The first Earth Day was celebrated on April 22nd, 1970 and approximately 20 million people took part nationwide. Born in the 1970s myself, I can honestly say I have no memory of celebrating Earth Day in my younger years. I have vague memories of people talking about planting a tree for Arbor Day, but that’s it. As a mom, I believe it’s my responsibility to incorporate being kind to the Earth into my children’s lives, which includes celebrating Earth Day.
There are a number of ways to teach your children about Earth Day, but I believe the most effective way is to teach by example. That said, I also make sure that whatever I want my children to learn is put into terms that they can easily understand. The first thing I do is to liken the day to a birthday, or as we think of it—B-Earth Day! When it’s someone’s birthday in my house, we dedicate the day to things that make that person happy, so why should it be any different with the Earth? Here’s what I plan to do on Earth Day to help my kids learn about and celebrate this special holiday.
1. Give the Earth gifts.
When I think about what the Earth would really like, I think of plants, and in particular, I think the Earth would love if I got my vegetable garden started. This Earth Day, my kids and I will be adding some (organic) soil to our garden and transplanting the vegetables we’ve already started, as well as planting new seeds. While working on our garden, I’ll be sure to incorporate conversations with my kids about why it’s good to grow our own vegetables—the benefits to our family in addition to the environment.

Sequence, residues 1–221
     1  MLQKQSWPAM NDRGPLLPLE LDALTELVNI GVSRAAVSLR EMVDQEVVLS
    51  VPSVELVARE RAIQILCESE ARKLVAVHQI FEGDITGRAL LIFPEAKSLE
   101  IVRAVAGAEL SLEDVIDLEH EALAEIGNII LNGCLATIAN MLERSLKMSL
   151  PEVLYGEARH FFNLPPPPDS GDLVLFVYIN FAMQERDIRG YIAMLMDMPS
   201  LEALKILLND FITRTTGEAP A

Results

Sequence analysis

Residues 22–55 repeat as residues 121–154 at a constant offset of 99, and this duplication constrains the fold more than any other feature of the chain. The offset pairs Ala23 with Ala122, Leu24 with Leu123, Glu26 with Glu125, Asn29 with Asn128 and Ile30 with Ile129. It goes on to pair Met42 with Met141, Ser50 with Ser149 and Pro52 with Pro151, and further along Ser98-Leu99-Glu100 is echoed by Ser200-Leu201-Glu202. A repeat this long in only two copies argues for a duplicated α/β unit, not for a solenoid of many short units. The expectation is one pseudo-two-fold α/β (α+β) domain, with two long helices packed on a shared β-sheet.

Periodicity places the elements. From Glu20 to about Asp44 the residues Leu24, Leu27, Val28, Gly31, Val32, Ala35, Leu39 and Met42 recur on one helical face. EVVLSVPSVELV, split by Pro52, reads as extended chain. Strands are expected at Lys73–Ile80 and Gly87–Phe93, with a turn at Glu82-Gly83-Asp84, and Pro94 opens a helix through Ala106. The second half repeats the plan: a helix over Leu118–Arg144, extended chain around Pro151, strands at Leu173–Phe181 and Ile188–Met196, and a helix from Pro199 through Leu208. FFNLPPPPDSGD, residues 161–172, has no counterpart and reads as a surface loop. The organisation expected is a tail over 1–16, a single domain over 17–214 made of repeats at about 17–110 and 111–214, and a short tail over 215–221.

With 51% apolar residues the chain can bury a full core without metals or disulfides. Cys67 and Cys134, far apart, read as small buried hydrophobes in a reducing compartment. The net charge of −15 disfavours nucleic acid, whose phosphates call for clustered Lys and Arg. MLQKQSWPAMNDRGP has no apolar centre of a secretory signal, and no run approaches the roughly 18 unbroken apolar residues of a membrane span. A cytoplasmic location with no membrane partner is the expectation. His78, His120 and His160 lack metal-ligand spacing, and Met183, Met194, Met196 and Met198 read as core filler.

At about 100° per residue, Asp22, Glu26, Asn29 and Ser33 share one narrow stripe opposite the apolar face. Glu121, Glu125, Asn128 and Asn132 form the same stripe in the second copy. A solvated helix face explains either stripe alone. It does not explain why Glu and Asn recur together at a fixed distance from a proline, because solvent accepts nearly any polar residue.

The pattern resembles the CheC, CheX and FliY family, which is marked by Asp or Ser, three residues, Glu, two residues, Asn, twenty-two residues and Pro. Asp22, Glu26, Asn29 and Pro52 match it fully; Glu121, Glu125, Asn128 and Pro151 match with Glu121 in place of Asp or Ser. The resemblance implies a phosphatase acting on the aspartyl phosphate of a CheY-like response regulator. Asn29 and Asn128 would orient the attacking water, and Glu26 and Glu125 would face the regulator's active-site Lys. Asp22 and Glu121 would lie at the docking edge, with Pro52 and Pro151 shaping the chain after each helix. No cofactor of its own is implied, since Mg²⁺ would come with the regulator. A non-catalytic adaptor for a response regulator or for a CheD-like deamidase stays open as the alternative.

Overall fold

2. Make some “party favors”
What’s a party without favors, right? Earth Day is a great time to take part in a craft project that will help the environment. For Earth Day, I like taking the opportunity to build a craft that will serve as more than a decoration—perhaps a craft that can benefit the ecosystem or at least be useful in our home. Some ideas I have are to build a bird feeder, tin can herb pots, magazine holder, animal jars, and a compost container,.
3. Plan a special meal.
Whenever it’s someone’s birthday in my family, we serve that person’s favorite meal for dinner. On Earth Day, we’ll have a meal that the environment can appreciate—one that will have minimal impact. We’ll choose to eat locally grown veggies (to cut down on emissions and wasted gas from transporting the food). We’ll also be eating organic meat to help minimize our footprint. We’ll eat on our regular, every day dishes (no paper plates here!), and we’ll drink our water from glasses (no plastic water bottles in this house!) Remember, to talk about all the earth-friendly decisions you make. This is how kids learn why we do the things we do, instead of just falling into the pattern of “this is just the way we’ve always done it.”
4.Teach kids about the benefits of second hand items.
My family has a number of second-hand items—many of which no one is aware of. Some of our favorite toys were hand-me-downs from friends, or ones I purchased pre-owned either on ebay or from members of local buy/sell groups on Facebook. There are also a number of thrift stores and other websites where you can get gently-used clothing for yourself and your kids. On Earth Day, the church affiliated with my son’s Nursery School is hosting a Rummage Sale. Since it coincides with Earth Day, I think this will offer the perfect opportunity to discuss the many benefits of second-hand items.
Enjoy Earth Day, and remember every moment can be a teachable one. Kids are like sponges, and if you explain to them the why’s of everything you do, then they’ll understand and take pride in following in your gentle footsteps.